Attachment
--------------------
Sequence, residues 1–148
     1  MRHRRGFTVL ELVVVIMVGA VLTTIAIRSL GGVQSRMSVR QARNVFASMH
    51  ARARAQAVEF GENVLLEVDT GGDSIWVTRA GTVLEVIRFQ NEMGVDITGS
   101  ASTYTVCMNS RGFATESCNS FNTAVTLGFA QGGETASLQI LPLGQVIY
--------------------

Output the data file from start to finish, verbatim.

Sequence, residues 1–148
     1  MRHRRGFTVL ELVVVIMVGA VLTTIAIRSL GGVQSRMSVR QARNVFASMH
    51  ARARAQAVEF GENVLLEVDT GGDSIWVTRA GTVLEVIRFQ NEMGVDITGS
   101  ASTYTVCMNS RGFATESCNS FNTAVTLGFA QGGETASLQI LPLGQVIY